Where do we go from here—the Hindu communal forces, through a sustained campaign in the 1980s, have constructed a version of history which is a mix of British-planted narratives about how a “temple might have been there” in their description of the Babri masjid, to the “there was a temple and it was the birth place of Rama” of Hindu communalists. The fact is that there are many a temples in Ayodhya whose pujaris claim that it was in their temple that the god Rama was born. Archaeological efforts have not been holistic either, riddled with contradictory half-efforts to arrive at the truth. So KK Muhammad could write that there were remnants of a temple underneath the mosque, while many differing opinions from professional archaeologists also existed. The Supreme Court refrained from commenting on most of these aspects.
Will our legal system and UNESCO give credence to the total picture of history as Ambedkar and many others see it? One interpretation is that the Brahmanical counter-reaction had destroyed the places of Buddhist heritage and that, later, some Muslim rulers plundered them. What is propagated is that Muslim plunderers destroyed these places. Muslim kings, as extensively demonstrated in rational historiography mainly destroyed holy places when either wealth or rivalry over capturing power were their motives. This is a case where the attack on Buddhist sites begins at the ideological and physical level and is followed by the plunder by succeeding Muslim kings. Hiding this earlier attack on Buddhism also hides the reasons for elimination of Buddhism from India; the place of its birth.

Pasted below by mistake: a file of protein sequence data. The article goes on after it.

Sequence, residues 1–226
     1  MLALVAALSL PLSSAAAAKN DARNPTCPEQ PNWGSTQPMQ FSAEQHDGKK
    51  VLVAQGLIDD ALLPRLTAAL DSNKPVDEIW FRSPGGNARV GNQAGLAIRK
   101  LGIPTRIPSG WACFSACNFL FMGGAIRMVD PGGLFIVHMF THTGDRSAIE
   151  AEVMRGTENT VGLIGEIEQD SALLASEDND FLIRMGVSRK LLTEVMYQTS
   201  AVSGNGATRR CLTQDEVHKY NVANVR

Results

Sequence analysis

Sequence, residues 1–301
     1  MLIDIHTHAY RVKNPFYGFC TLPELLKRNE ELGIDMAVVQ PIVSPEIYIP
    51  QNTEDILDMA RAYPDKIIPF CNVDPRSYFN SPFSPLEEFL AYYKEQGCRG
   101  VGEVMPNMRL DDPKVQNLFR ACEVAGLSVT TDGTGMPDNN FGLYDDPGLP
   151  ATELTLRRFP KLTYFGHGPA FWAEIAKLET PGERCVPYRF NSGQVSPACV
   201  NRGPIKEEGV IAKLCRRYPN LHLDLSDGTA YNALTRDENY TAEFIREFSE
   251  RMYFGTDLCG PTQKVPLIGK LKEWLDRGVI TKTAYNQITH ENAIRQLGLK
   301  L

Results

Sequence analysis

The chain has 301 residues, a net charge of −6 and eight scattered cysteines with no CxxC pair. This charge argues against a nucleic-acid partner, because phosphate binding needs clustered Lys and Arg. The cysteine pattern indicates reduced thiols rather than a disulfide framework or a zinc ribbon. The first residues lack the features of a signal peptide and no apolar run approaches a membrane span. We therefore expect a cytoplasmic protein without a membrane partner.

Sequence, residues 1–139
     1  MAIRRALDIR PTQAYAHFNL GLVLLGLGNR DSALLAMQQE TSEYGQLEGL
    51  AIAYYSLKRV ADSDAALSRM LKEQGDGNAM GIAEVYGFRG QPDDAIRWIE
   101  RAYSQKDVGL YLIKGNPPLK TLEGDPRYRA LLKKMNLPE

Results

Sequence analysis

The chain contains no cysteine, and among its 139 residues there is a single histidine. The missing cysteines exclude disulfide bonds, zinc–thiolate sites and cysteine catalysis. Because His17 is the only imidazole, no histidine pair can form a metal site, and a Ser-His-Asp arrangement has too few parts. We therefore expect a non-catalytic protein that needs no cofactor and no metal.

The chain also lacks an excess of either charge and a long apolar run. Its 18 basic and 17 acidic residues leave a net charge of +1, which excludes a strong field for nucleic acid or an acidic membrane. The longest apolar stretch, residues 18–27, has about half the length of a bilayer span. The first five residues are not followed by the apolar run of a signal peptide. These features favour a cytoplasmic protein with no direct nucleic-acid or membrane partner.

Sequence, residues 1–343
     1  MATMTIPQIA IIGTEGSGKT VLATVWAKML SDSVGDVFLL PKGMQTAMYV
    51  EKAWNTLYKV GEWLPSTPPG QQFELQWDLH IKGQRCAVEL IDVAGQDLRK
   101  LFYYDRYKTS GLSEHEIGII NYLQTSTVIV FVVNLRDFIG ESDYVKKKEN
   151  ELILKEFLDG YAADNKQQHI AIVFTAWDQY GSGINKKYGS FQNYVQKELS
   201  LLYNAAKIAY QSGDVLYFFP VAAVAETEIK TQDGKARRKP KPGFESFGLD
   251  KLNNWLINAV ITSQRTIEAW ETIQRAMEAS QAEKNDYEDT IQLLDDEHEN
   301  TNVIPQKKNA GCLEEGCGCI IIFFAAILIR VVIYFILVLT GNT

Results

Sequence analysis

The heritage of Buddhism is a valuable treasure of India and the world as a whole. As such when the temple dedicated to Rama is being built by the state, one is reminded of the Somnath temple. Immediately after Independence, there were demands that the state should construct this temple. Gandhi, the great Hindu, said that Hindu society is capable of building its own temple; the state should not involve itself in such works.
His disciple, the builder of modern India, Jawaharlal Nehru, also did not approve of the first President of India, Rajendra Prasad, inaugurating it. Later, the same Nehru who laid the foundation for industries, dams, and universities, called these the temples of modern India! What a contrast from the present times, where the state is deeply enmeshed in the construction of a temple while health, education and all other mechanisms to take care of society are being left in private hands whose aim is profits rather than social welfare.
The author is a social activist and commentator. The views are personal.